I’ve taught digital marketing to over 60,000 enrolled students.

I’ve worked with some of the biggest marketing software companies in the world.

I’ve also developed a reliable system that can laser target people I think would benefit most from my services. This system gradually takes people through a funnel starting with free educational content, and nurtures the people for whom my services would be a real value, up until they buy.

Leveraging the enormous amount of data and inventory (the amount of ads people see), I’ve built a framework that can pinpoint thousands of people likely to be good fits and engage them with relevant ads for a tiny fraction of the price of traditional advertising.

You can use this same methodology to attract lawyers to your expert business, educate them about how you can provide value, and nurture them into eager buyers. For example, if paying $10,000 to an expert produced $100,000 in value to a case, it’s one of the best investments anyone can make. How many university administrators feel that way about faculty members?

Skilled marketing lets you show people your true value to them, and claim your fair share of it.

Below is a detailed syllabus of what you will learn if we have the privilege of welcoming you to the Accelerator. Roughly the first half teaches you how to become an expert witness. The rest shows you how to skyrocket your potential with skilled marketing.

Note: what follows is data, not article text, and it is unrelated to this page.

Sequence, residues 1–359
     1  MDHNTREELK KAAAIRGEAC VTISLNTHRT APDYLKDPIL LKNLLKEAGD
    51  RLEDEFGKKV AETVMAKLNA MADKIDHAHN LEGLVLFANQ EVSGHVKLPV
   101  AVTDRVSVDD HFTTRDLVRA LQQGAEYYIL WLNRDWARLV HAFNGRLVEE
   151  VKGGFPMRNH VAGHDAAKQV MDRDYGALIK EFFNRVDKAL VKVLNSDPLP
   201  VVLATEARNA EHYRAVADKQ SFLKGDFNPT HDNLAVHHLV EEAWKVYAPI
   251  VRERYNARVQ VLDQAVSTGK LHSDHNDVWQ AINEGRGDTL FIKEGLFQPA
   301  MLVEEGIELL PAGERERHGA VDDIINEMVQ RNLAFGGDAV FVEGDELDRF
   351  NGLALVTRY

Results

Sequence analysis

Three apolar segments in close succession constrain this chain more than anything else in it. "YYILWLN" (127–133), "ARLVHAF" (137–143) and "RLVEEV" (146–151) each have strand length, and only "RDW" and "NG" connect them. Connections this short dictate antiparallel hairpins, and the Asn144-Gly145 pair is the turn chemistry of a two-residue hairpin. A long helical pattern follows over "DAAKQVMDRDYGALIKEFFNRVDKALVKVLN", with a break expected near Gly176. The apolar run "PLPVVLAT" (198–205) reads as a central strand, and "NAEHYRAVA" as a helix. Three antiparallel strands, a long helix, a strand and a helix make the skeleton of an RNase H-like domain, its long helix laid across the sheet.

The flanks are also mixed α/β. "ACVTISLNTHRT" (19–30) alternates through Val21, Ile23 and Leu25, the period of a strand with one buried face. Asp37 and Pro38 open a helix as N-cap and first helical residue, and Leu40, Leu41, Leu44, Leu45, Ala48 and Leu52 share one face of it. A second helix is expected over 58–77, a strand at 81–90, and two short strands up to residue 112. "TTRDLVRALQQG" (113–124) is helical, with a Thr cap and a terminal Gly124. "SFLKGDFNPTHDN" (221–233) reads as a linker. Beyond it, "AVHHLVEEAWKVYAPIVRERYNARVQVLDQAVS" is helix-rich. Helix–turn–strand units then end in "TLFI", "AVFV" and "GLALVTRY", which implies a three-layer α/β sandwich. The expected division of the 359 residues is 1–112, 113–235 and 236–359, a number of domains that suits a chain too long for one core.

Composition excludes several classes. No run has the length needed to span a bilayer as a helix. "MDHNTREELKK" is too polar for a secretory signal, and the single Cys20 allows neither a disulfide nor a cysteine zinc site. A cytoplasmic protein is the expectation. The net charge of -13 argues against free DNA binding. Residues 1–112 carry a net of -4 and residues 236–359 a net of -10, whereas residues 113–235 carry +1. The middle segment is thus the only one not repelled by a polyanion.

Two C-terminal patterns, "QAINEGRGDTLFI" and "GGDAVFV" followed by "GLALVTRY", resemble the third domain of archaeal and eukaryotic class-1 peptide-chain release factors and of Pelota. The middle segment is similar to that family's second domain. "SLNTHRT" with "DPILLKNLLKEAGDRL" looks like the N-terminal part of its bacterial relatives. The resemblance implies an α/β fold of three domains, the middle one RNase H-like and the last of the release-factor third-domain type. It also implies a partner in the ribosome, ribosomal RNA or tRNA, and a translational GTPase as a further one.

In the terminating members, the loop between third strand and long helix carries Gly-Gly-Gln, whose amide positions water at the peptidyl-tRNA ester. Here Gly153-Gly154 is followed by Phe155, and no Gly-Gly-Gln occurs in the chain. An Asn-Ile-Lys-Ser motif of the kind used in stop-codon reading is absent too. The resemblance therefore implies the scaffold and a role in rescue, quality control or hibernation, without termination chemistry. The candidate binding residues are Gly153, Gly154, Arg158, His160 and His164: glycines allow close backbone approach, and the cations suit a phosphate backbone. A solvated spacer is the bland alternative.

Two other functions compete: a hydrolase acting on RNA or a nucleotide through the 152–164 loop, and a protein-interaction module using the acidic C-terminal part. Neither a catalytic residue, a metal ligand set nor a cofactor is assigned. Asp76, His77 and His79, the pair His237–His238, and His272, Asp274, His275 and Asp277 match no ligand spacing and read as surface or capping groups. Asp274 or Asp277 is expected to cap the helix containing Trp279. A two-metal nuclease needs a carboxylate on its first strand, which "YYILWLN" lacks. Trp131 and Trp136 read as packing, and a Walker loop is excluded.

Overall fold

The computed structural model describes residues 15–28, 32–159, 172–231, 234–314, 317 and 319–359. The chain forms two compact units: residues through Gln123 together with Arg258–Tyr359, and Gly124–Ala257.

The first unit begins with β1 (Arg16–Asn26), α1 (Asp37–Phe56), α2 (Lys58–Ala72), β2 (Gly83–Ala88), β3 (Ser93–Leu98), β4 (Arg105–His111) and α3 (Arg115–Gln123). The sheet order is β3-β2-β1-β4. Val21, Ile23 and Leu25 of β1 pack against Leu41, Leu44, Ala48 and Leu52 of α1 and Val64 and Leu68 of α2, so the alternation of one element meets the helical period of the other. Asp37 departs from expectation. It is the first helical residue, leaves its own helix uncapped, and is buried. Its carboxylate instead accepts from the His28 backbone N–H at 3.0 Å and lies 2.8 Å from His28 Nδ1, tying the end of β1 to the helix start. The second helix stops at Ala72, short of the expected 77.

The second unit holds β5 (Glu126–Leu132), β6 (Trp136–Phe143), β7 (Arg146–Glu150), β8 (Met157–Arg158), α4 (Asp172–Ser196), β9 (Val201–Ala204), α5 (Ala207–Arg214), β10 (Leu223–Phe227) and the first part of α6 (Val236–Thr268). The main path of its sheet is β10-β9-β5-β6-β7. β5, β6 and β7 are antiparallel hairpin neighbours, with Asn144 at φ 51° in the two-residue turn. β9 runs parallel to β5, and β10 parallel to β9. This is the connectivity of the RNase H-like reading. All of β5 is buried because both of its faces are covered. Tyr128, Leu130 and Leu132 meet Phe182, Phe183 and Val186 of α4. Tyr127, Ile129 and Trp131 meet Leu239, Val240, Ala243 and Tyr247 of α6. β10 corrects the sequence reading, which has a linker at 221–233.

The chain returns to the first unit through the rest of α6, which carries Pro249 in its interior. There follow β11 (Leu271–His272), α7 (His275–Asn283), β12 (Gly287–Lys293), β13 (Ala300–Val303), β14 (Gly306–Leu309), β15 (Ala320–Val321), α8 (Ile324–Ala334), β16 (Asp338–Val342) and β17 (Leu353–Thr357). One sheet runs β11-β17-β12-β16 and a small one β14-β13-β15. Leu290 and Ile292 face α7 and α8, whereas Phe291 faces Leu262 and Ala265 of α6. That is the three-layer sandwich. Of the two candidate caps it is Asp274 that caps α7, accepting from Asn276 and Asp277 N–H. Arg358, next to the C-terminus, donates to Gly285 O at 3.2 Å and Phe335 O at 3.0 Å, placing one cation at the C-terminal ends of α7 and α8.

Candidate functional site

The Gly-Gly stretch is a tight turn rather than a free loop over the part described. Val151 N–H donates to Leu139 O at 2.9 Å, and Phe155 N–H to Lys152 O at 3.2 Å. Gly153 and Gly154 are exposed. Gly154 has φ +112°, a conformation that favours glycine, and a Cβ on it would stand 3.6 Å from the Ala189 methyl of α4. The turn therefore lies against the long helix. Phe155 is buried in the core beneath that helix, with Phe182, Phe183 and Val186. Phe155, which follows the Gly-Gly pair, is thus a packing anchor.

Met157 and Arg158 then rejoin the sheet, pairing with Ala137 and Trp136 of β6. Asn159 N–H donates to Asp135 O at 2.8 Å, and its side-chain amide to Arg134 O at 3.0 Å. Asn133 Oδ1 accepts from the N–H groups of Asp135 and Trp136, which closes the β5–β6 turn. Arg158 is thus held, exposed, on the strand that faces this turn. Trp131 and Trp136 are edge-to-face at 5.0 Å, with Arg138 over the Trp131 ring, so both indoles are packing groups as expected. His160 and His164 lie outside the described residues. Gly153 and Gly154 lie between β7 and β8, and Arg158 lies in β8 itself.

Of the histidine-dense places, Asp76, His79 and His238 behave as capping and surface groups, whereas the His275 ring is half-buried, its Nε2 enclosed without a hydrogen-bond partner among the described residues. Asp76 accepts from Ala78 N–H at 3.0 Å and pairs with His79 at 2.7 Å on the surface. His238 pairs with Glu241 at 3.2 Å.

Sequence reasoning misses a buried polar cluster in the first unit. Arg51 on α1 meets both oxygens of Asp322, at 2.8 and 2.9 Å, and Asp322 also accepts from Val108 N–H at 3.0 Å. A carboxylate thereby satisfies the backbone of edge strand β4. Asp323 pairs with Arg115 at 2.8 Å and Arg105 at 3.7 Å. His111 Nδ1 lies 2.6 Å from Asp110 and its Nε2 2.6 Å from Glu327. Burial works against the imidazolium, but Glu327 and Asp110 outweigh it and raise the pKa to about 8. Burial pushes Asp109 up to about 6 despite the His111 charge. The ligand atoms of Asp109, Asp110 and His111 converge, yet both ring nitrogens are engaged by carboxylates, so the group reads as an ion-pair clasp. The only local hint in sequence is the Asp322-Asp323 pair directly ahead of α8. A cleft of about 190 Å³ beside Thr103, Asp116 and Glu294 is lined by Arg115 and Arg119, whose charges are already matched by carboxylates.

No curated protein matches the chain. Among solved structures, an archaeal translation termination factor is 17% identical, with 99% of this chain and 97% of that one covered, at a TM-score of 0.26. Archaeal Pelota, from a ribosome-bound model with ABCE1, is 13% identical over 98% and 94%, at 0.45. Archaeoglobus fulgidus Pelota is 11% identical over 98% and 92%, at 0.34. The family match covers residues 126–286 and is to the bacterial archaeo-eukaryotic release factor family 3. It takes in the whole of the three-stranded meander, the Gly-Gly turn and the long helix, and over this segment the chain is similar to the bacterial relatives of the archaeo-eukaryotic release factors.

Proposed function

Going from Doctorate Holder to Expert Witness

1. Academia vs. Being an Expert Witness
I. You’ve spent years ensconced in academic life. Whether you’re still a student or you’ve been teaching for years, academia is a universe unto itself.
II. How is being an expert witness similar? How is it different? How can you translate what you’ve invested so much in learning on the academia side, and use it to bootstrap a career as an expert witness.
III. Deciding whether being an expert makes more sense as a supplemental earning opportunity or as a full time career.

2. Identifying your initial “zone of opportunity.”
I. The US has seen an avalanche of criminal and civil litigation. In 2006 alone, there were over 100 million cases filed.
II. Your zone of opportunity is at the intersection of your expertise and what people care so much about that they argue about it in court.
III. How can you dependably identify your zone of opportunity?

3. How can you cultivate and expand your zone of opportunity?
I. How can you steer your career to maximize your desirability as an expert witness?
II. How can you build awareness in the legal community of the value of your discipline?
III. How can you target your messaging and awareness building to those pockets of the legal community most receptive to and in need of your services?